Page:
New Audi E-tron vs Jaguar I-Pace

Competition in the electric car market is hotting up with the arrival of Audi’s E-tron luxury SUV. Let’s see if it’s good enough to beat our current favourite, the Jaguar I-Pace...

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What Car? team
30 August 2019

New Audi E-tron vs Jaguar I-Pace

The contenders

Audi E-tron 55 quattro

  • List price - £71,520 (before £3500 government grant)
  • Target Price - £71,520

Audi’s first pure electric model isn’t cheap, but it’s big and appears to be very clever.


Jaguar I-Pace EV400 SE

  • List price - £69,995 (before £3500 government grant)
  • Target Price - £69,995

Has already seen off the Tesla Model S, thanks to fine driving manners and a great range.


If you still doubt the desirability of electric vehicles (EVs), these two will surely change your mind. Both are plush SUVs built by long-established premium brands, both are packed with the latest technology and both are a lot faster than you might imagine.

The only major difference between these cars and regular SUVs is that they don’t burn any petrol or diesel as they’re travelling along. That means no tailpipe emissions (so they’re good for your conscience) and various tax perks (good for your bank balance). And as a bonus, there’s no messing around with mucky pumps at fuel stations.

There are, of course, much cheaper EVs to choose from, but these two have among the longest ranges between charges of any currently on sale, and they’re predicted to depreciate more slowly than the majority of the petrol and diesels cars you might otherwise be considering.

We already know the Jaguar I-Pace is a brilliant EV after it toppled the Tesla Model S last year, but could the brand new Audi E-tron be an even better choice? Read on to find out.

Audi E-tron driving

Driving

Performance, ride, handling, refinement

The E-tron weighs in at more than two and a half tonnes, but thanks to its twin electric motors developing a mighty 402bhp, it can still bludgeon its way from 0-60mph in just 5.5sec. That’s quick by any standard, and all the more impressive given that our tests were conducted on a wet day.

But the 394bhp I-Pace is even quicker and, in the same slippery conditions, hit 60mph from rest in just 4.4sec. If that difference doesn’t sound all that dramatic, consider this: it’s roughly the disparity between a hot hatch – the Honda Civic Type R, for example – and a proper sports car such as the Porsche Cayman S. The bigger kick in the back you get from the I-Pace is accompanied by a curious background warble that’s supposed to sound like a V8 petrol engine (it isn’t very convincing), whereas in the E-tron there’s only the faintest of whines.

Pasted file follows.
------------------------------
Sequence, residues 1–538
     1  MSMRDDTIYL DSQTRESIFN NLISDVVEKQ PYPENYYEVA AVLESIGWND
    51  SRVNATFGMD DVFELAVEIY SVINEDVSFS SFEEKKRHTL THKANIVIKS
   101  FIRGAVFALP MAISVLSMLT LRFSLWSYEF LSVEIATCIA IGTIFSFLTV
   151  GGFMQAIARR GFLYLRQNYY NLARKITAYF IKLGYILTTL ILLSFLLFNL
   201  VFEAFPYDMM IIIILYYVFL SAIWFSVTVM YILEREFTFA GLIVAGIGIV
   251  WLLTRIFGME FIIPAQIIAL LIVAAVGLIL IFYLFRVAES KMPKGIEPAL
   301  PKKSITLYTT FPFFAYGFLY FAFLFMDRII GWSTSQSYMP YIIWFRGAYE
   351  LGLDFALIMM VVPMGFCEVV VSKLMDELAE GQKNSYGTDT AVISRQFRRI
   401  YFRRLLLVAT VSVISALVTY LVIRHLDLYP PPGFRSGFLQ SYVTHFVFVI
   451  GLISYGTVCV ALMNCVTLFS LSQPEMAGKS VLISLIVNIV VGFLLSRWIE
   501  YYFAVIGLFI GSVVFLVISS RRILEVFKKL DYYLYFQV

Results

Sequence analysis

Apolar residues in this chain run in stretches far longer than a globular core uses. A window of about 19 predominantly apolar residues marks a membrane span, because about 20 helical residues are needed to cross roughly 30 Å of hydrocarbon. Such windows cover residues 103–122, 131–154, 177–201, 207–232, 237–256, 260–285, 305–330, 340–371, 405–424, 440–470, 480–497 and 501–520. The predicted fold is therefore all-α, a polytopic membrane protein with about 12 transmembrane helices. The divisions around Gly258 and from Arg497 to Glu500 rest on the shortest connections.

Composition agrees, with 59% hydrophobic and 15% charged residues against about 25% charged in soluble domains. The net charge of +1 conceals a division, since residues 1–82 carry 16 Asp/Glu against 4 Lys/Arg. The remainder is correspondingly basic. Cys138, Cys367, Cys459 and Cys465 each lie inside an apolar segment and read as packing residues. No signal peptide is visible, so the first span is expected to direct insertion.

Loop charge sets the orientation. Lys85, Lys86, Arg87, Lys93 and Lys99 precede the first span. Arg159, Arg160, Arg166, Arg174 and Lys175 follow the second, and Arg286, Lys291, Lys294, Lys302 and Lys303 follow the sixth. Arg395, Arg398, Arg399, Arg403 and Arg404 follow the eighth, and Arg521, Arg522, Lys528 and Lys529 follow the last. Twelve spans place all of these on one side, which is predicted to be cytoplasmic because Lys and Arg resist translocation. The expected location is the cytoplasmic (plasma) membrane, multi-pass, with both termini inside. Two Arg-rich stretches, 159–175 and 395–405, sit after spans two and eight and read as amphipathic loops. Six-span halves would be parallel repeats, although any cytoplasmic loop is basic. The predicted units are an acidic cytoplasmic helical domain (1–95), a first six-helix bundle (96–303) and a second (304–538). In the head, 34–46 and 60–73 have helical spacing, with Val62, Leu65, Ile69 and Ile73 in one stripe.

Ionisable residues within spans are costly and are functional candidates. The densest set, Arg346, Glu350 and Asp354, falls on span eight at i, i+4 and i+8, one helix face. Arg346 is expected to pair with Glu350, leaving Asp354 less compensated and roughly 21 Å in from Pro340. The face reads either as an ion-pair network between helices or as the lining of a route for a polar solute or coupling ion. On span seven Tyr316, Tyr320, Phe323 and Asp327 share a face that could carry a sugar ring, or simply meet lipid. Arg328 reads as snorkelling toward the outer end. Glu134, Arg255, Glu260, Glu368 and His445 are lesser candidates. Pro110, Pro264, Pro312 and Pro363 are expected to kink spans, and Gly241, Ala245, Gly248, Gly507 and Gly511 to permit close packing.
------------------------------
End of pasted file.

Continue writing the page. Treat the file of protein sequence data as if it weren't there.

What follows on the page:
True, that whine is vaguely reminiscent of a milk float and is more noticeable when you’re pottering around at low speeds, but that’s mainly because of how quiet everything else is; there’s barely any tyre or wind noise and the E-tron recorded among the lowest decibel readings we’ve ever seen. While the I-Pace is far from rowdy, there’s always more suspension noise around town and tyre roar on the motorway. 

The I-Pace performed worse in our braking tests, too, needing 13 metres more road to pull up from 70mph. It’s no exaggeration to say that could be the difference between a big accident and getting away with sweaty palms. From our previous tests of the I-Pace, we know that stopping distances are much better in the dry, but the brakes don’t actually inspire much confidence in any conditions. The resistance in the pedal feels inconsistent and strange pulses and vibrations frequently pass through it, making it hard to slow your progress smoothly.

Jaguar I-Pace driving

This is an issue that blights a number of electric cars and it’s because pressing the brake pedal increases the regeneration effect that harvests energy to feed back into the battery. Thankfully, the E-tron’s brake pedal responds much more consistently to pressure, no matter whether you’re doing an emergency stop or just gently slowing as you approach a roundabout.

In both cars, you can opt to have them slow down quite abruptly when you lift off the accelerator, meaning you don’t actually need to use the brake pedal much at all; the E-tron does this particularly cleverly, because it can read the road ahead using sensors and decide when to activate the regeneration and when to simply allow the car to coast.

Of course, when it comes to electric cars, a crucial aspect of its performance is how far you can get between charges. The official figures suggest the I-Pace has a sizeable edge here with a range of 292 miles, compared with the 241 miles promised by the E-tron. Those distances would be incredibly tough to achieve in normal road driving, though; in our Real Range tests, the I-Pace managed 253 miles and the E-tron a mildly disappointing 196 miles.

Our test I-Pace was fitted with optional air suspension (£1100), but prior experience of the car suggests this isn’t money well spent. Although it still deals with most bumps very well, the standard suspension actually does a better job of smoothing over jagged-edged imperfections and potholes. No I-Pace is as serenely comfortable as the E-tron, though; its laid-back nature means it soaks up most lumps and bumps as if they weren’t even there.

Just don’t expect to have much fun through corners. The heavy E-tron doesn’t appreciate being asked to change direction at anything more than jogging speeds, and its slow, vague steering only compounds the issue; if the big Audi were a dog, it would probably be a St Bernard. The I-Pace? Well, that’s more of a border collie: agile but always predictable, and that means you can have a surprising amount of fun. The meaty, precise steering helps, allowing you to place the car exactly where you want it in bends.


Next: Behind the wheel >

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